When the original version of this book first appeared in 1991, there had been no serious collective biography since 1905 when M. A. S. Hume's The Wives of Henry VIII was published. Since then, Antonia Fraser, David Starkey and David Loades have all written books on the six wives, and there have been numerous individual biographies, notably by Giles Tremlett, Eric Ives, Susan James and Linda Porter. Each has contributed greatly to our understanding of the subject. I myself have done much further research in the twenty-three years since my own book was completed, and this long-overdue revised and rewritten version incorporates the newer findings. The 1991 edition was adapted from my original manuscript of 1974, which ran to 1024 single-spaced pages. Much of necessity was cut, a lot of it original source material, but a considerable amount of that has been restored to this new edition. Back in 1990, it was felt by my publishers that notes and references were not appropriate in a ‘popular’ history book – instead I was to indicate the sources in the text. Fortunately the original notes and references survive, and they have been restored here. It was also felt that the bibliography should be in narrative form, but for ease of reference I have now converted it into the more conventional list. It is a huge pleasure revisiting this book and my original manuscript. Already new perspectives are emerging.
My interview with Susan Cahill for Talking Books at Newstalk, Ireland, will be broadcast on 2nd February. Susan kindly observed, "I have to say she was super. What a wonderful lady. Thanks so much. Really good and well written read…. makes most of the academic historians look jaded and stuffy!!!"
WRITING HISTORICAL FICTION
I am one of several historical novelists who have contributed articles for this very entertaining, informative and useful guide for writers written and compiled by Celia Brayfield and Duncan Sprott.
Here is an article about my forthcoming biopraphy of Margaret Douglas:
QUEEN ANNE BOLEYN HISTORICAL WRITERS
Queen Anne Boleyn Historical Writers is a website developed for historical, biographical and fiction writers, poets and bloggers to showcase their work. I was recently interviewed for the site, and you can read the transcript here:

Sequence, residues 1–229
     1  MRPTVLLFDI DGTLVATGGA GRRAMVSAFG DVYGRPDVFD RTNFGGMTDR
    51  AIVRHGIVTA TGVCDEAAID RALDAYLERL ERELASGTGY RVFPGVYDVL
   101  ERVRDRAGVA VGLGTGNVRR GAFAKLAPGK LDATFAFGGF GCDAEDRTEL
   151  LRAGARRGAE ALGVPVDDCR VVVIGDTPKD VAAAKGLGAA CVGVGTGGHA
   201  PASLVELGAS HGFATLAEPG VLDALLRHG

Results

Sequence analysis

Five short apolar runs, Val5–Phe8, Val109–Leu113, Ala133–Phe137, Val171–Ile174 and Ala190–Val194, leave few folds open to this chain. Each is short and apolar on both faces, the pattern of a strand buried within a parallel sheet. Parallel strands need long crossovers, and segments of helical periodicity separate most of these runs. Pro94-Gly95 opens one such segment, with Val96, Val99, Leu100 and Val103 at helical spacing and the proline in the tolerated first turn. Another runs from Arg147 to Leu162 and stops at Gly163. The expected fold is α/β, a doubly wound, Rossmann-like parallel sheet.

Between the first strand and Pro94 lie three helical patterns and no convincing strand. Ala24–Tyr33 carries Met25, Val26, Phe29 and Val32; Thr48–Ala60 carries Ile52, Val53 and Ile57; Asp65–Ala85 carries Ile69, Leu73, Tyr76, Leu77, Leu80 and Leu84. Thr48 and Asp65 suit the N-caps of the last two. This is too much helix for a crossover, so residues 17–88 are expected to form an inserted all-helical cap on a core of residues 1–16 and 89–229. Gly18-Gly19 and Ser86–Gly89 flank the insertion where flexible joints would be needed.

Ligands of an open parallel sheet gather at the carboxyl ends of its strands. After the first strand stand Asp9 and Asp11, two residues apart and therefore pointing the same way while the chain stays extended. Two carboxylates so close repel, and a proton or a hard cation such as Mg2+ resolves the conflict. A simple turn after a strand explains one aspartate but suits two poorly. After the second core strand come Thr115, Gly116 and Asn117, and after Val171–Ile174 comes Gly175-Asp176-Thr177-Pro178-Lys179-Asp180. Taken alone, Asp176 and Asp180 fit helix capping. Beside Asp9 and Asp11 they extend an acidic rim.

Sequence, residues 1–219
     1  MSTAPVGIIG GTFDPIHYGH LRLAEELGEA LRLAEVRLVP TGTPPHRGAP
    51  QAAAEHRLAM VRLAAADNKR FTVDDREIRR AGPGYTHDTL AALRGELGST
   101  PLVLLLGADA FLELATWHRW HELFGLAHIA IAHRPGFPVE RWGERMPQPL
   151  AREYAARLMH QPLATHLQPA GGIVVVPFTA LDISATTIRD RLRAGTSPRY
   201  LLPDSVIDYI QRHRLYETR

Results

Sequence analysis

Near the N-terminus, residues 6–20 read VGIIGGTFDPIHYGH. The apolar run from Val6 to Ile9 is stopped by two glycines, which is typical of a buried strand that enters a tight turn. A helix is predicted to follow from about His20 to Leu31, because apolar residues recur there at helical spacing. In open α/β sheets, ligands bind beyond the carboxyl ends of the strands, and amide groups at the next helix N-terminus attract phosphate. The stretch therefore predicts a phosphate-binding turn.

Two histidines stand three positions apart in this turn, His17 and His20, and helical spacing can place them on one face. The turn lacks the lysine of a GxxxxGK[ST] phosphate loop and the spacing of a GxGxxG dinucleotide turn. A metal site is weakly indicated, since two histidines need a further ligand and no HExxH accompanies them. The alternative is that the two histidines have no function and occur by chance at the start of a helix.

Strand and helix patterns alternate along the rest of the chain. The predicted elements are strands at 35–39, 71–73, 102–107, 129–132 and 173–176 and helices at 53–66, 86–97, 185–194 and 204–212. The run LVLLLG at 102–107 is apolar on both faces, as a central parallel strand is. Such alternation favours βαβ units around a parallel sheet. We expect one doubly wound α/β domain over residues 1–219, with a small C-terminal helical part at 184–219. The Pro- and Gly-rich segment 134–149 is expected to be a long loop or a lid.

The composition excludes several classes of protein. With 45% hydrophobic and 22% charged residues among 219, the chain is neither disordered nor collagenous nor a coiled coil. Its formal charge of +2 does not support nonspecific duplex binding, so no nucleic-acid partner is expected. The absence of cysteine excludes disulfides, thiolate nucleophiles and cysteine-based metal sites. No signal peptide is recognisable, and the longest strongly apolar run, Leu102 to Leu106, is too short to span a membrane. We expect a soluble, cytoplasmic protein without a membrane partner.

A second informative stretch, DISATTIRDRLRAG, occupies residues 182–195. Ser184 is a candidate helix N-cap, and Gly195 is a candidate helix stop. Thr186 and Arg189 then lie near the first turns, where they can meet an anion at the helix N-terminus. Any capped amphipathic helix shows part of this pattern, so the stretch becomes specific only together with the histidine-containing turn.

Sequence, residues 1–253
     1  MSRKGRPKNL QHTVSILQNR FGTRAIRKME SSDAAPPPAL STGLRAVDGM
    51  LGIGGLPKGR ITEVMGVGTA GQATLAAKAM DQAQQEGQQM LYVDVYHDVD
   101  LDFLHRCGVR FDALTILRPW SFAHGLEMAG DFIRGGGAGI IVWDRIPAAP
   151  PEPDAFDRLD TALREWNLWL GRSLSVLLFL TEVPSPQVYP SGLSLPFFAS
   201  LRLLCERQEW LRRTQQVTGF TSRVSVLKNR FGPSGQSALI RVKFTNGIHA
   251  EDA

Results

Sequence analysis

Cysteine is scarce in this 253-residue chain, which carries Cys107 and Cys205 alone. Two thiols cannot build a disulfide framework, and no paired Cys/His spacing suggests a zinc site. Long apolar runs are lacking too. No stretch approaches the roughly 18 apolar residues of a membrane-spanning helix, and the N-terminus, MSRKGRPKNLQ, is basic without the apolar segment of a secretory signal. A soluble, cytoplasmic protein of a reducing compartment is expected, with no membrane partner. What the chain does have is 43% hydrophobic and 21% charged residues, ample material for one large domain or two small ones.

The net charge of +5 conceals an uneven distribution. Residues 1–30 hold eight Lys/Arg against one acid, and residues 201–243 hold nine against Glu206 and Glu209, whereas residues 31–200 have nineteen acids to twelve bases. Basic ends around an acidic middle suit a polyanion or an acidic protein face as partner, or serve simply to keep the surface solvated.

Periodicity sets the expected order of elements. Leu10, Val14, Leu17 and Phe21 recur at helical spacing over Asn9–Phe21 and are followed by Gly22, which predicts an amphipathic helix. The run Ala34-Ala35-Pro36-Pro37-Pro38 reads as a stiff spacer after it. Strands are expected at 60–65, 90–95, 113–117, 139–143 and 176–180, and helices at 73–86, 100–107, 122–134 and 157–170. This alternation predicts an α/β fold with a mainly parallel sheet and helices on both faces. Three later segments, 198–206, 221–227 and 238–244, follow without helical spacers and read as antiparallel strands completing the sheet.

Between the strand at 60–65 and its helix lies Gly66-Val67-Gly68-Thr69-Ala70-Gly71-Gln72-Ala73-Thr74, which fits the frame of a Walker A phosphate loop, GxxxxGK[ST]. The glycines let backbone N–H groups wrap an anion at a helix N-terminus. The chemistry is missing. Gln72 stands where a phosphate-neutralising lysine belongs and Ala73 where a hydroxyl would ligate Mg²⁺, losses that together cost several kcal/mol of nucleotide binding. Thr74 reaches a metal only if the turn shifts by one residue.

Hay Festival 2013: Blame Henry VIII for public fascination with royal family
Henry VIII is responsible for the public and the media’s fascination with the private lives of the royal family, especially the Duke and Duchess of Cambridge, according to a leading historical novelist. Alison Weir, one of the bestselling female historians in Britain, said that the marriage failures of Henry VIII taught us to be legitimately fascinated by the sex lives of royalty. Alison said that the marriage failures of Henry VIII taught us to be legitimately fascinated by the sex lives of royalty.
(By Harry Wallop, and Gaby Wood)
02 Jun 2013
Alison Weir, one of the bestselling female historians in Britain, said that the marriage failures of Henry VIII taught us to be legitimately fascinated by the sex lives of royalty.
“It is part of a tradition. It is in the national consciousness that we are concerned. As soon as they [the Duke and Duchess of Cambridge] got married, we started speculating about a baby. We are jumping back on a traditional bandwagon of being fascinated about royal marriage and reproduction. It is very invasive, but it is proper. The interest in royalty’s sex lives and marriages was legitimate because they produced heirs to the throne”.
Her comments came after the historical novelist Hilary Mantel attracted criticism for saying the duchess was perceived in the media as a “shop-window mannequin”, whose only purpose was to breed.
Ms Weir, who has written a series of history books as well as novels set in the Tudor period, was speaking at the Telegraph Hay Festival.
(Please note that I also deplored the intrusion of the foreign media in taking photographs of a scantily-clad Duchess of Cambridge. I do not wish to be seen as endorsing this intrusion.)
9th May 2013: Henry VIII: The King and His Court (published 2001) is currently number 6 in the New York Times e-book bestseller lists!
19th February: I was approached to write an article for The Daily Telegraph on Hilary Mantel's comments on the Duchess of Cambridge. It is based on Mantel's lecture, not news coverage. You can read it online at:
Following the announcement that the bones discovered in Leicester are indeed Richard III's remains, I appeared on Radio 4's PM Programme with Steven Berkoff, to discuss the implications of the announcement. You can listen to the programme here: http://www.bbc.co.uk/programmes/b01qdtq4. It's the last item.
My article on Richard III and the Princes in the Tower can be read on the Books pages, under The Princes in the Tower (Read More). My view on recent developments is as follows:
"While the finding of his remains is an incredible achievement, it's time to distance ourselves from the outpouring of ill-informed sentiment over Richard III, and look objectively at what the historical sources tell us. There is compelling circumstantial evidence that he ordered the murder of the Princes in the Tower, and incontrovertible hard evidence that he committed acts of tyranny. He was not popular. Any support he had was eroded by rumours that he had done away with the Princes, for which cause he lost the hearts of his subjects. He should be buried at York, where he wished to be buried, with dignity, and without fanfare. He intended to remarry, so it is doubtful that he would have been laid to rest beside his wife, Anne Neville, in Westminster Abbey. According him the honour of a state funeral would amount to official endorsement of the revisionist view of him, and that would deeply concern many serious historians. Let us press instead for a new examination of the bones thought to be those of the Princes in Westminster Abbey."